The government will within the next seven years, distribute two million cookstoves and its related accessories to households across the country.
The distribution is being undertaken under the National Liquefied Petroleum Gas Promotion Programme (NLPGPP), which is one of the components of the Ministry of Energy’s LPG for Development (LPG4D) Plan.
The plan, which has the Cylinder Recirculation Model (CRM) as the other component, is aimed at consolidating the government’s ongoing efforts towards increasing LPG penetration in the country to at least 50 percent by 2030.
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In a speech read on his behalf at this year’s Ghana International Petroleum Conference (GHIPCON), Minister of Energy, Matthew OpokuPrempeh, said the plan was one of strategies being implemented to ensure a reduction in carbon emissions and efficient use of the country’s natural resources.
Organised by the National Petroleum Authority (NPA) in collaboration with other partners, the three-day event is on the theme “Energy Transition in the African Petroleum Downstream Context: Prospects, Challenges and the Way Forward.”
He explained that the CRM was expected to increase access to LPG and ensure safe delivery to end users, adding that its implementation required the introduction of LPG Bottling Plants, Bulk Cylinder Transportation, Cylinder Warehousing, Cylinder Exchange Points and Cylinder Delivery infrastructure.
In this regard, the minister said the Price Build-Up of the LPG was being reviewed to guarantee a return on investment made in LPG infrastructure for the safe distribution of LPG as a clean cooking fuel.
He explained that the strategies and programmes fed into Ghana’s Energy Transition Plan to decarbonise the energy sector and enable Ghana to reach net-zero emissions by 2070.
To deal with the challenges in the transition to cleaner fuel, MrPrempeh urged for the enforcement of the implementation of regional policies and regulatory frameworks and improve refinery capacity to produce high-quality fuels to reduce carbon emissions.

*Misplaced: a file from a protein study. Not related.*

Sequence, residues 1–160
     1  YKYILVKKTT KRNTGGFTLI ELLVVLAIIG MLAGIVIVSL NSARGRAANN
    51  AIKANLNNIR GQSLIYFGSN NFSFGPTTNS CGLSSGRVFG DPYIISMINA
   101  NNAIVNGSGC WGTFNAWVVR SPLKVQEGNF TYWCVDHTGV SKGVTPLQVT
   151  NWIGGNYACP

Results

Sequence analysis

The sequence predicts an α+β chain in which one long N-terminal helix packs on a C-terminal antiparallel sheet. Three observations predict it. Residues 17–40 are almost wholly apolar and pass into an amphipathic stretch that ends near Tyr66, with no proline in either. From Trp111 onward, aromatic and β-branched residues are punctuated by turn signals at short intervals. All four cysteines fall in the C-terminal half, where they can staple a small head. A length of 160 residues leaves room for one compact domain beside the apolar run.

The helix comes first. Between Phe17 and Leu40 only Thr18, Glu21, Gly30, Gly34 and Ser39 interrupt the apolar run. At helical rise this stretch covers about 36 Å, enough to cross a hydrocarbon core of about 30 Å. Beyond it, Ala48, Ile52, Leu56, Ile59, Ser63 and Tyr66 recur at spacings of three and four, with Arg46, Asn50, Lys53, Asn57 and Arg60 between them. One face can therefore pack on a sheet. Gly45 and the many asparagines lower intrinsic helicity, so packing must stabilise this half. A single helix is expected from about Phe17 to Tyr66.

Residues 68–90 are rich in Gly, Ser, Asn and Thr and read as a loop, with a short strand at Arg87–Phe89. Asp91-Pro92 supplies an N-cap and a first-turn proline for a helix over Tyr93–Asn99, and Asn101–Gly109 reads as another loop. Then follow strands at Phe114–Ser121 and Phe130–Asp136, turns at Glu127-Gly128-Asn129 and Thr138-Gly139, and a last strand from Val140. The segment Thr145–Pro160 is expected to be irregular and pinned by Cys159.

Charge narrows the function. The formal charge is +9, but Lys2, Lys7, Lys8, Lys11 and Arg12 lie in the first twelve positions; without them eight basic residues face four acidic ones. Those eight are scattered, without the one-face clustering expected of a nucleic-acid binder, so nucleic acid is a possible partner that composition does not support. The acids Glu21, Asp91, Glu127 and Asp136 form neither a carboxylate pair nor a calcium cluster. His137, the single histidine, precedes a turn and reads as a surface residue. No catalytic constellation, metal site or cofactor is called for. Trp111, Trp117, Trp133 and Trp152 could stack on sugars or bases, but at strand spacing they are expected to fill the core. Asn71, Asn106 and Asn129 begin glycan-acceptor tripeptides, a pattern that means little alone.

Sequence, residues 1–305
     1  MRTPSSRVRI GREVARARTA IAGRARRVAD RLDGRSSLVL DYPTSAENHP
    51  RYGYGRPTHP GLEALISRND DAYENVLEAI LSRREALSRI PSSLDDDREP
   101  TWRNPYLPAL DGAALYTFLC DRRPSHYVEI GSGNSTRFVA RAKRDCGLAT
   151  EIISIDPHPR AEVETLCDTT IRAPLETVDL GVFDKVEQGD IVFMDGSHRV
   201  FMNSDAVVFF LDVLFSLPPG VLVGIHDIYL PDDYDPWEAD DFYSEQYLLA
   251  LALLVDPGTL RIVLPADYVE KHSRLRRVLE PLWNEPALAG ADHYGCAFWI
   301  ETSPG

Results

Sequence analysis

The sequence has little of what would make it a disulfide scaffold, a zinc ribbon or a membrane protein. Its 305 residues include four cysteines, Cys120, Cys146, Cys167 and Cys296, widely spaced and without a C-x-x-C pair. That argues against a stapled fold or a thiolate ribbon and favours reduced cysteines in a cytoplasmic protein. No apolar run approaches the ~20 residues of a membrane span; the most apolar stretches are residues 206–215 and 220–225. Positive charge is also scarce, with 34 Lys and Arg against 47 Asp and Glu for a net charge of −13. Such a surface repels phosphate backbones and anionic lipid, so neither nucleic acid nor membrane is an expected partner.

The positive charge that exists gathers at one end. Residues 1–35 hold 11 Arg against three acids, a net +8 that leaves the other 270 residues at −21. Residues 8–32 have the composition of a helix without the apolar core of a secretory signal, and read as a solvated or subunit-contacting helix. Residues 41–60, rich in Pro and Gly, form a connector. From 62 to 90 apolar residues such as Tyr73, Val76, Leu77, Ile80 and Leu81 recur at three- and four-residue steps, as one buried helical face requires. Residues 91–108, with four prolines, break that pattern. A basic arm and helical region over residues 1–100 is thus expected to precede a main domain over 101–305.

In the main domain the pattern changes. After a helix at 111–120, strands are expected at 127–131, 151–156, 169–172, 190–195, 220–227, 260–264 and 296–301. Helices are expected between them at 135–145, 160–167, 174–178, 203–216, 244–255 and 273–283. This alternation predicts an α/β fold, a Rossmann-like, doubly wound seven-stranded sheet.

The Vice President, Dr Mahamudu Bawumia, in a speech delivered virtually, noted that Ghana was targeting to fully transition from fossil fuels to renewable energy by 2070, adding that despite government’s commitment to achieving net zero carbon emissions, there was the need to take steps to accelerate the production and utilisation of the country’s oil and gas reserves.
In line with the Paris Agreement and other international protocols, he said the government initiated and implemented some policies including zero gas flaring policy, gas master plan, 2020 transport policy and the reduction of sulphur content in transport and industrial fuels from a maximum of 5000ppm to a maximum of 50ppm geared towards reducing carbon dioxide emissions.
He explained that Ghana’s transition to cleaner fuels was likely to take many decades to be fully achieved, saying that it would affect the demand for energy and the downstream industries that relied on the production and use of fossil fuels.
Additionally, Dr Bawumia said the transition would result in greater demand for cleaner fuels, natural gas and LPG, as well as increased investment in renewable energy and the development of new technologies for the transportation and storage of energy.
In order to thrive during the energy transition, he urged the players in the downstream sector on the African continent to focus on innovation and diversification.
“I urge you to keep an eye on the long-term implications of the transition and stay prepared for potential disruption in the future which can be turned into future growth areas,” he added.
Chief Executive Officer of the NPA, Dr Mustapha Abdul-Hamid, said energy transition was the pathway towards transforming the global energy sector from fossil-based fuel to zero carbon.
He noted that the conference was to plan and strategise to steer Ghana towards a low-carbon economy and net-zero energy sector, while pursuing economic development.